Background: The presence of an interface between the tibial component and the polyethylene insert (PI) in mobile-bearing total ankle arthroplasty (TAA) may allow the talus to adapt its axial position according to the patient's anatomy. However, little is known about differences of the axial talar rotation between patients following mobile-bearing TAA. Therefore, the aim of this study was to assess the relative axial rotation between the talar and tibial component intraoperatively and after a minimum follow-up of 3 years following mobile-bearing TAA.
Methods: The relative axial rotation between the talar and the tibial component was measured intraoperatively in a cohort of 58 patients who underwent mobile-bearing TAA. In addition, it was measured on weightbearing computed tomography (CT) scans in 48 patients after a mean of 6.3 (3.0-16.3) years following mobile-bearing TAA. The pre- and postoperative alignment of the ankle joint/tibial component and hindfoot assessed on conventional radiographs was correlated with the intra- and postoperatively determined relative axial rotation of the talar and tibial component.
Results: The mean intra- and postoperative axial talar component position was 1.7 (range, 14 internal to 14 external) and 1.4 (range, 12 internal to 20 external) degrees toward internal when compared to the tibial component (P = .960). The preoperative sagittal alignment of the distal tibia correlated with the intraoperatively determined relative axial rotation between the talar and the tibial component (P = .019).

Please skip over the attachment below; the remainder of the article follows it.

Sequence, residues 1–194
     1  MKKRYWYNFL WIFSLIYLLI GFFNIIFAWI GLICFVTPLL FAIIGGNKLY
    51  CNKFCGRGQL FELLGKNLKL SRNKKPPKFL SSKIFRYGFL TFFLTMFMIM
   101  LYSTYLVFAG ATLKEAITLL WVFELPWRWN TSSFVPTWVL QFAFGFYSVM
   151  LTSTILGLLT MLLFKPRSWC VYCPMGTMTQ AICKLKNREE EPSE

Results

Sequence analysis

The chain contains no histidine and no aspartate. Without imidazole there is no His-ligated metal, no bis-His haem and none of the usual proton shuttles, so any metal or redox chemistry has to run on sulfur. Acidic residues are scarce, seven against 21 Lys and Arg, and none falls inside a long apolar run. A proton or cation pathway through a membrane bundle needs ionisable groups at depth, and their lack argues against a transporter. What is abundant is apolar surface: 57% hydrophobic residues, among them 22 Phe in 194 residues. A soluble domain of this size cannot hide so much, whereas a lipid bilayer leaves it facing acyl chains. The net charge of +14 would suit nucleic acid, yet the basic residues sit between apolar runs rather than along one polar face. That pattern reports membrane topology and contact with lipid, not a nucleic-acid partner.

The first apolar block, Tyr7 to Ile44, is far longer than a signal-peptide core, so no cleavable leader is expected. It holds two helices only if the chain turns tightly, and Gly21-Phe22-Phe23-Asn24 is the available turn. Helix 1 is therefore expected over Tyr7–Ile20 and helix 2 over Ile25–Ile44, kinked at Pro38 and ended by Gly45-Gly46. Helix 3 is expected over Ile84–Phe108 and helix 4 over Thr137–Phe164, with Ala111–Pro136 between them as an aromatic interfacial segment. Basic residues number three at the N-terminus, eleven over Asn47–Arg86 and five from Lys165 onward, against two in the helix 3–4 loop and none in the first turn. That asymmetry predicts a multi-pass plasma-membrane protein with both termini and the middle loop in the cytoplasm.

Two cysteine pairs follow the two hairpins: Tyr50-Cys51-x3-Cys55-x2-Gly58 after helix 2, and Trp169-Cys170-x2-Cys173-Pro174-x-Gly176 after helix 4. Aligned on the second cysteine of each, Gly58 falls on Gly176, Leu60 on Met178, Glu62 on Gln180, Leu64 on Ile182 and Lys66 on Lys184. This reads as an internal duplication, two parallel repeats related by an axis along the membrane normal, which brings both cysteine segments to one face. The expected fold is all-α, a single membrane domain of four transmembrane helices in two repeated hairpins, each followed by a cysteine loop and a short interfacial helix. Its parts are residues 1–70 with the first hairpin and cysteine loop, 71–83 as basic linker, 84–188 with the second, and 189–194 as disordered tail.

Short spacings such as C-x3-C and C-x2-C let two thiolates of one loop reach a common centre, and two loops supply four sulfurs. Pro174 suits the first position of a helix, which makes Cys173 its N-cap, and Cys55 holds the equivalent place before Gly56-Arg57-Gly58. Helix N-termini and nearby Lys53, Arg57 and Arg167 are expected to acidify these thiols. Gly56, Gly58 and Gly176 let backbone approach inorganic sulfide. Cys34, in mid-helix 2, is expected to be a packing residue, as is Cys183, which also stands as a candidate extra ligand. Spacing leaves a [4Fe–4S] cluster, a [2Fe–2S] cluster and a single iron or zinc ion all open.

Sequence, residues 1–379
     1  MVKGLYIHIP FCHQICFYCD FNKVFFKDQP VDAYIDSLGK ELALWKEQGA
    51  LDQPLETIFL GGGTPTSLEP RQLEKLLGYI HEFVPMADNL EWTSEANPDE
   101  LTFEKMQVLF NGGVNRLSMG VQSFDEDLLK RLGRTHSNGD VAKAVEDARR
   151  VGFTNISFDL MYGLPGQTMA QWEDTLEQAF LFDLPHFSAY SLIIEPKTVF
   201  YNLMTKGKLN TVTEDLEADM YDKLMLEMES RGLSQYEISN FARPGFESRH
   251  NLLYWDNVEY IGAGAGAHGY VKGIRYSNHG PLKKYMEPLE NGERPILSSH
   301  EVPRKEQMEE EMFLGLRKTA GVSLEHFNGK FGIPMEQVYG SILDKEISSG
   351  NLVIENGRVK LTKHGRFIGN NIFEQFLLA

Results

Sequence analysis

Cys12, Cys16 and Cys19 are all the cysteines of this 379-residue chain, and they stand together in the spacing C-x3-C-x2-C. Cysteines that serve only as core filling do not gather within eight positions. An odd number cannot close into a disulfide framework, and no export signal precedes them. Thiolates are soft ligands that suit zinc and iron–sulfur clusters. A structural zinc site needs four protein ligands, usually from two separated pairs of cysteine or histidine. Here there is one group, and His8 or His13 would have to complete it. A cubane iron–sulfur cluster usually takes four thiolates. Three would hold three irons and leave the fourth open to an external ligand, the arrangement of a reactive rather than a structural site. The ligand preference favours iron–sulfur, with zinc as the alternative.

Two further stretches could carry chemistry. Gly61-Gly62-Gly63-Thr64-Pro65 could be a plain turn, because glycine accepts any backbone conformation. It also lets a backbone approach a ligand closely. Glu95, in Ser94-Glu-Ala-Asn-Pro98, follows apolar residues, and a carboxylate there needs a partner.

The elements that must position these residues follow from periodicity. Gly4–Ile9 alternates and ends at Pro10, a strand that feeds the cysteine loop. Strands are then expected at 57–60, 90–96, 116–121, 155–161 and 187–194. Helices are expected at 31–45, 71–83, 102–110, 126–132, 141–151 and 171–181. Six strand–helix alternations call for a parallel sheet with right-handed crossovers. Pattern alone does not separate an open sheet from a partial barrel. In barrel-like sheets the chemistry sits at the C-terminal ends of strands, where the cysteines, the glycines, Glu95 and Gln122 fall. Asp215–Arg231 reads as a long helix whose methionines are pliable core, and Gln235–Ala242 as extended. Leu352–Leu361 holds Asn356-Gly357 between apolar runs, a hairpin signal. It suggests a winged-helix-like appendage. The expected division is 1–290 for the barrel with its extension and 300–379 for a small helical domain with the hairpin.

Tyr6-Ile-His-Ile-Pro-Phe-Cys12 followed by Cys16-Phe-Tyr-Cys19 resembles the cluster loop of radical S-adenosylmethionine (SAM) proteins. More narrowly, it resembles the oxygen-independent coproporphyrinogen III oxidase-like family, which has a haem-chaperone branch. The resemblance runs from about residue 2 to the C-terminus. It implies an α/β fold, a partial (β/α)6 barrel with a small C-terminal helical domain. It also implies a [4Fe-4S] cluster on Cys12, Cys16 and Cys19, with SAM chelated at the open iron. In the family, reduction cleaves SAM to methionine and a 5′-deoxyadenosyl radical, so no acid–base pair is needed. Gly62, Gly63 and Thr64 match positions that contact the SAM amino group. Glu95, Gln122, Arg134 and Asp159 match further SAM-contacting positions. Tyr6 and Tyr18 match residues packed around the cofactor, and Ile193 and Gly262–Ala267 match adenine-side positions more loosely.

Conclusion: The wide range of the relative axial rotation between the tibial and talar component suggests that it is crucial to allow the talus to intraoperatively find a position that corresponds to the patient's individual anatomy. The fact that the range of axial rotation was similar after a minimum of 3 years measured under weightbearing conditions suggests that structural changes of the osteoarthritic ankle may be the main determining factors for the axial rotational position of the talus. Our findings improve current understanding of proper implant position during TAA. In addition, the current study provides a reliable method to assess the postoperative axial position of the prosthesis components. The high interindividual variability of the relative rotation between the tibial and talar component in the axial plane suggests that axial malpositioning following TAA may be a more common issue than currently expected. Our findings may help to improve the assessment of patients with persistent pain following TAA.
Level of evidence: Level III, comparative series.
Keywords: talus rotation; total ankle arthroplasty; weightbearing CT scan.